Q6. Will my right hon. Friend personally congratulate Chief Superintendent Steve Kavanagh, his officers and police community support officers, and especially the safer neighbourhoods teams on their achievement in cutting crime in Barnet by 8.6 per cent. so far this year, on top of 16 per cent. last year, with 24.6 per cent. in total? That is one of the best records in the Met. With 5,600 extra officers and 3,700 PCSOs in London provided by the Mayor, what does my right hon. Friend think the result will be of the cuts in the budget proposed by the Tory candidate for London Mayor? (182959)

In the London area alone, there are 6,000 more police than there were in 1997. As my hon. Friend rightly said, in graphic detail, crime is down in his constituency. The choice in London will be between an administration that wants to employ more police and wants to get crime down, and what the hon. Member for Henley (Mr. Johnson) has said, which is that he wishes to cut spending on the Metropolitan police. That would be disastrous for the police, disastrous for London and bad for the whole country.

Before Christmas, the Justice Secretary said that his Department would be building three so-called titan prisons. This morning, he said that those prisons “may” now be built. Will the Prime Minister tell the House whether this is a titanic failure or a titanic U-turn?

We will go ahead with these prisons following the consultation that my right hon. Friend said would take place.

Q7. Will my right hon. Friend join me in congratulating South Tees Hospitals NHS Trust, which has recently been named as one of the top health trusts in the country by the Health Service Journal? Will he reassure me that this Government—our Government—will provide all the financial support necessary for the trust to flourish and maintain its excellence in serving my constituents? (182960)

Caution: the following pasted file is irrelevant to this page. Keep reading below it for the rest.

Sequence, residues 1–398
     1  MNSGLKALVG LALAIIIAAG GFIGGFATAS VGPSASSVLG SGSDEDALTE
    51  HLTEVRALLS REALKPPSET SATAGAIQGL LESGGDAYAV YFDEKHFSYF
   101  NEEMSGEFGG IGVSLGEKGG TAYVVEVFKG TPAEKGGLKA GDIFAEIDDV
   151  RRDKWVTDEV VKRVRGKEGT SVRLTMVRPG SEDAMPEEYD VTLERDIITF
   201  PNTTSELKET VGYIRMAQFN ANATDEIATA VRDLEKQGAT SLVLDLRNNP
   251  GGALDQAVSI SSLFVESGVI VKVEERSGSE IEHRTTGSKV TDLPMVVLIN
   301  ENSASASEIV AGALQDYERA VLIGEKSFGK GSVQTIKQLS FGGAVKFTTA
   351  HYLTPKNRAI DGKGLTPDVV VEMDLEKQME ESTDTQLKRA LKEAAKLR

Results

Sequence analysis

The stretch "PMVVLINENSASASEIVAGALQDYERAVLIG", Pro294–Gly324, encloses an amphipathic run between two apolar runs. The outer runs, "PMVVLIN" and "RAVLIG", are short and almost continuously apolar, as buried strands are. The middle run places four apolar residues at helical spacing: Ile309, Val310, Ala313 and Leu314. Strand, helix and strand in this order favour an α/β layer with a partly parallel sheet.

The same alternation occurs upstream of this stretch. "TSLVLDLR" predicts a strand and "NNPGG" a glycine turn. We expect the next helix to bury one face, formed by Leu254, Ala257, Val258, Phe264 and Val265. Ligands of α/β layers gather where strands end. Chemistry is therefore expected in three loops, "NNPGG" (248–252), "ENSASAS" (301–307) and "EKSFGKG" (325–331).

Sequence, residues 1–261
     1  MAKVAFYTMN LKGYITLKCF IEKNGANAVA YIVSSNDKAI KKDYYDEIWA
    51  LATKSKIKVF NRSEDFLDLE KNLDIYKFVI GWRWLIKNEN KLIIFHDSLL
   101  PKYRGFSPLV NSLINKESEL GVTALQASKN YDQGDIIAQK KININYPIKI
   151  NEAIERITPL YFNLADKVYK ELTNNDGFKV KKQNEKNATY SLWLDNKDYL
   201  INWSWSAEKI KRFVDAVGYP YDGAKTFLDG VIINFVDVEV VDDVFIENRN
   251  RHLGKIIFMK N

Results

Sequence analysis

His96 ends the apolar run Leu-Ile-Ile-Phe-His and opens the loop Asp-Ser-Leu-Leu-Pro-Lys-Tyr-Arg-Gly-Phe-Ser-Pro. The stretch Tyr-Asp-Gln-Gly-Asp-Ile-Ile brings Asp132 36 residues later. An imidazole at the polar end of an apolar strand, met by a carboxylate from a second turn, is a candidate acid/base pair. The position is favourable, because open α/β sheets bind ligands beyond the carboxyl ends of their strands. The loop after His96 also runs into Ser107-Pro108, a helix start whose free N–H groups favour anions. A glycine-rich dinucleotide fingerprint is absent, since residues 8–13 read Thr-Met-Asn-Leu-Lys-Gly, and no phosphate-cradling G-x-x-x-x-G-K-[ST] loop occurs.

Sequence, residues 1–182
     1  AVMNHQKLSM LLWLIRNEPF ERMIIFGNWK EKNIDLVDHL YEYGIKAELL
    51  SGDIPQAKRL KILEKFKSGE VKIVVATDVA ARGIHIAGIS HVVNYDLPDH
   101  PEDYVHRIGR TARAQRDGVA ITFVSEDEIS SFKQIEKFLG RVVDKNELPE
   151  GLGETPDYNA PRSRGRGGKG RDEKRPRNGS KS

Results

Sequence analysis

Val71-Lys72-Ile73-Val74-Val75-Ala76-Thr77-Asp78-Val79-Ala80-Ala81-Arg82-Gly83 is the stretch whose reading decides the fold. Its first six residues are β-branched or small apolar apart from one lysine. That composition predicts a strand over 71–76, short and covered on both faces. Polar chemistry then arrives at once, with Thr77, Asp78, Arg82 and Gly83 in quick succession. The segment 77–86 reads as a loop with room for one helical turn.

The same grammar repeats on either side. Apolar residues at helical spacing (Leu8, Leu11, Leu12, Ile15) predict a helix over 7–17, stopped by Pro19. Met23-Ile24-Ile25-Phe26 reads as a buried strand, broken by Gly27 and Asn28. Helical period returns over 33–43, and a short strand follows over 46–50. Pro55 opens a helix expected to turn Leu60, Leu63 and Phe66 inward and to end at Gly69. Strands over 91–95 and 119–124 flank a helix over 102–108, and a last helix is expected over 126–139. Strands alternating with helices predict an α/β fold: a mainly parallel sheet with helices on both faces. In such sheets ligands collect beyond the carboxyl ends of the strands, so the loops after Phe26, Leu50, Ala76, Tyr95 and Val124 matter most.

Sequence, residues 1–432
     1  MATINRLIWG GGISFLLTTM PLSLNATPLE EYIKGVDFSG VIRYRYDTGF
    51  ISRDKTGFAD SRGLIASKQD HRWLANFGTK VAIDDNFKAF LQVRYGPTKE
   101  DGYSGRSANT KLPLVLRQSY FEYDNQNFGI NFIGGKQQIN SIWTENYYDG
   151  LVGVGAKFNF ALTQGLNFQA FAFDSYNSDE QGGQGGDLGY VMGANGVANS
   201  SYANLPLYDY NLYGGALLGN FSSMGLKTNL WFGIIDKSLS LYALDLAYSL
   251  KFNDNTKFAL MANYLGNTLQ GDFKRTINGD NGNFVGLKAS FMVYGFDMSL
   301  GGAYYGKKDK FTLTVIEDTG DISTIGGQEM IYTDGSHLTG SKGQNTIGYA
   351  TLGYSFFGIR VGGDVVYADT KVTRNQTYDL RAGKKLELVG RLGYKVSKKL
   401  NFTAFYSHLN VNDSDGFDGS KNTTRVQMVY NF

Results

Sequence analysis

It is because there are 80,000 more nurses and 20,000 more doctors that we are making progress on waiting times and waiting lists. It is because of that that the rates of cancer are down and we are making progress on stroke and heart disease. My hon. Friend is right to refer to the award that has been won by the trust in his area. I congratulate the trust, and I congratulate my hon. Friend on pushing for more resources for the health service.

In light of the Government’s decision to ignore the findings of the independent arbitration tribunal on police pay, will the Prime Minister please explain to the House what would be the point of any future pay disputes being taken to independent arbitration?

We made it clear throughout the whole year that we were staging public sector pay awards in the interest of getting inflation down. I have to say to the hon. Gentleman that the Bank of England, in its recent report, said that this was one of the reasons why inflation now stands at 2 per cent. in Britain while it is 4 per cent. in America and 3 per cent. in the rest of Europe. While we wanted to pay the police more, it was necessary in the interests of national policy to get inflation down so that we could reduce interest rates, as we have done over the last few months of the year. The Home Secretary has, however, written to the Police Federation, and I have followed that up with a letter in the past few days in which we say that we look forward to a long-term pay deal based on the full implementation of the arbitration award.